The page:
Bernard Albert Wrightson was born October 27, 1948 in Dundalk MD. He started work as a newspaper illustrator in 1966, and in 1968 began freelancing for DC Comics. His first ...Read MoreRead more
Writer Susan Casper died in her sleep on February 24, 2017 after a series of health complications. In announcing her death on Facebook, husband Gardner Dozois said, “She was an extremely tough woman, and fought through an unbelievable amount of stuff in the last couple of years, but this last illness was just too much for her fading strength to overcome.”
Casper co-edited Ripper! (Tor) with Dozois in 1988, but ...Read MoreRead more
Writer Edward Bryant, 71, died in his sleep after a long illness. He was found February 10, 2017 at home in Colorado.
Bryant was an accomplished SF writer, mostly of short stories. He began publishing SF work with “They Come Only in Dreams” and “Sending the Very Best”, both in January 1970. For the next two decades he was a frequent contributor to magazines and anthologies, and though his fictional ...Read MoreRead more
Writer Emma Tennant, 79, died January 21, 2017 in a London hospital following a long illness. Tennant was known for her feminist and postmodern fiction, and wrote many works of genre interest, including The Time of the Crack (1973; as The Crack, 1978), The Last of the Country House Murders (1974), Hotel de Dream (1976), The Bad Sister (1978), Wild Nights (1979), Alice Fell (1980), The Search for Treasure ...Read MoreRead more
Book dealer and conrunner Larry Smith, 70, died January 20, 2017. Laurence C. Smith was born in 1946 and lived in Columbus OH. He co-chaired the Columbus in 1976 Worldcon bid, chaired Marcon for ten years, served as vice-chair of Chicon IV in 1982, and co-chaired the 2010 World Fantasy Convention. He acquired Dick Spelman’s book business in the early ’90s and became a regular fixture in the convention bookselling ...Read MoreRead more
Literary critic Robert Scholes, 87, died December 9, 2016 in Rhode Island. He wrote numerous works of literary theory, including several of SF interest: The Fabulators (1967), Structural Fabulation: An Essay on Fiction of the Future (1975), Science Fiction: History — Science — Vision (1977, with Eric S. Rabkin), and Fabulation and Metafiction (1979). He co-edited essay anthologies Bridges to Fantasy (1982) and Co-Ordinates: Placing Science Fiction and Fantasy (1983) ...Read MoreRead more
Writer William Peter Blatty, 89, died of cancer on January 12, 2017 in New York. Blatty is best known for horror classic The Exorcist (1971). He wrote the screenplay for the Academy Award-winning film adaptation (1973), as well as the sequel The Exorcist III (1990), which he also directed. Other books of genre interest include Legion (1983, the basis for The Exorcist III) and Demons Five, Exorcists Nothing: A ...Read MoreRead more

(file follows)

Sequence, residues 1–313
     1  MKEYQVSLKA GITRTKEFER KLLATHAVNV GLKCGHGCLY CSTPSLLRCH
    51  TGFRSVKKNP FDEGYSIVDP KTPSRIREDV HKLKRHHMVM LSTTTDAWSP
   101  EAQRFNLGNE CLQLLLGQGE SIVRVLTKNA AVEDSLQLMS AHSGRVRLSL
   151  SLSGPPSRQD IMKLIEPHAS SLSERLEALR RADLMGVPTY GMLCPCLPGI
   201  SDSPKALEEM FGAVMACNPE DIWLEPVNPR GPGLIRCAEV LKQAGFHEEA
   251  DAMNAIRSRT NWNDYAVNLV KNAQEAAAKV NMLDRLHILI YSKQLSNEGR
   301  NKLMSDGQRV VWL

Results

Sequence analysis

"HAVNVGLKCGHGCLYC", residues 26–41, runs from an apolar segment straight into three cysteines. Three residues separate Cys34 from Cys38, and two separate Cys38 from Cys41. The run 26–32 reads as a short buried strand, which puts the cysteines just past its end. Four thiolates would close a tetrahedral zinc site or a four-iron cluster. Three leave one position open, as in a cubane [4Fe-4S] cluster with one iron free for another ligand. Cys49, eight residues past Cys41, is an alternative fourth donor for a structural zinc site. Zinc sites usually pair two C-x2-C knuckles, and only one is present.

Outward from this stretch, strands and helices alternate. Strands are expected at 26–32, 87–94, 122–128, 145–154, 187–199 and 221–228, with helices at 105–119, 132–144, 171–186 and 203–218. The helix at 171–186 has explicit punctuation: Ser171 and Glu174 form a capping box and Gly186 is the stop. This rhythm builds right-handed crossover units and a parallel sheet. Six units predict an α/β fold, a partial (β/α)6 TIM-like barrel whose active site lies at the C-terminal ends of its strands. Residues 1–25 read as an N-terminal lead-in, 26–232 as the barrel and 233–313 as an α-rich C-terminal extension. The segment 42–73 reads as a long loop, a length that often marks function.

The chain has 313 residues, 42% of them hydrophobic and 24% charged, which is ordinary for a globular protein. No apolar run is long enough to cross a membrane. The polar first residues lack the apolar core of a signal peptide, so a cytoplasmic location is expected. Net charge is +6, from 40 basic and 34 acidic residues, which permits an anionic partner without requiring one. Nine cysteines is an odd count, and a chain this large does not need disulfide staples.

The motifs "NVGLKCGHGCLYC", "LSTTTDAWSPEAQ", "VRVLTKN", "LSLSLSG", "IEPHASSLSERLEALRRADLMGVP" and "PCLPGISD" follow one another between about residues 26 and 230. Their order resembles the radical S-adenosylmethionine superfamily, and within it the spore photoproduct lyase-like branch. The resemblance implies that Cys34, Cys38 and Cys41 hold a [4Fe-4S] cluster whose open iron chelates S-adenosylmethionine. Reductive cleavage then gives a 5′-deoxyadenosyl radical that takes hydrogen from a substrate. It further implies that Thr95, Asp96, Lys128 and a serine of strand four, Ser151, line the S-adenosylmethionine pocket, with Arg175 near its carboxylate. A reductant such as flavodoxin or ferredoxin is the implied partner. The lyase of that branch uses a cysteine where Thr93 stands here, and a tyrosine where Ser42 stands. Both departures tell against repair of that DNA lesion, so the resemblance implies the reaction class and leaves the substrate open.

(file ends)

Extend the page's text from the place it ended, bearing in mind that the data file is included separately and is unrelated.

UK editor and fan Peter Weston, 73, died January 5, 2017, about three years after being diagnosed with cancer.
Born October 19, 1943 in Birmingham England, Weston published influential fanzine Zenith (later renamed Speculation) from 1963-73, during which time it was nominated for four Hugo Awards. His fanzine Prolapse published two issues, went on hiatus for 23 years, and relaunched in 2006. It was renamed Relapse in 2009 and ran ...Read MoreRead more
Literary agent Linn Prentis, 72, died December 24, 2016.
Elise Linn Prentis was born in 1944 and spent 20 years as a literary agent, first at the Virginia Kidd Agency and later at her own Linn Prentis Agency. In 2011 she moved from New York City to Washington state, just outside Seattle, though she retained offices in New York run by assistant Trodayne Northern. During her career she represented authors ...Read MoreRead more
Author Richard Adams, 96, died December 24, 2016. Adams is best known for his classic animal fantasy Watership Down (1972), about the secret (and magical) lives of rabbits. His other titles of genre interest include Shardik (1975), The Plague Dogs (1978), and collection Tales from Watership Down (1996).
Richard George Adams was born May 9, 1920 in Newbury, Berkshire, England. He studed at Worcester College, Oxford, graduating with a BA ...Read MoreRead more
Author Sheri S. Tepper, 87, died October 22, 2016. Tepper was a prolific author of SF, best known for her feminist and ecological themes, with major titles including The Gate to Women’s Country (1988) and Grass (1989).
She was born Shirley Stewart Douglas on July 16, 1929 near Littleton CO. She married for the first time at 20 and had two children, but divorced in her late twenties, and spent ...Read MoreRead more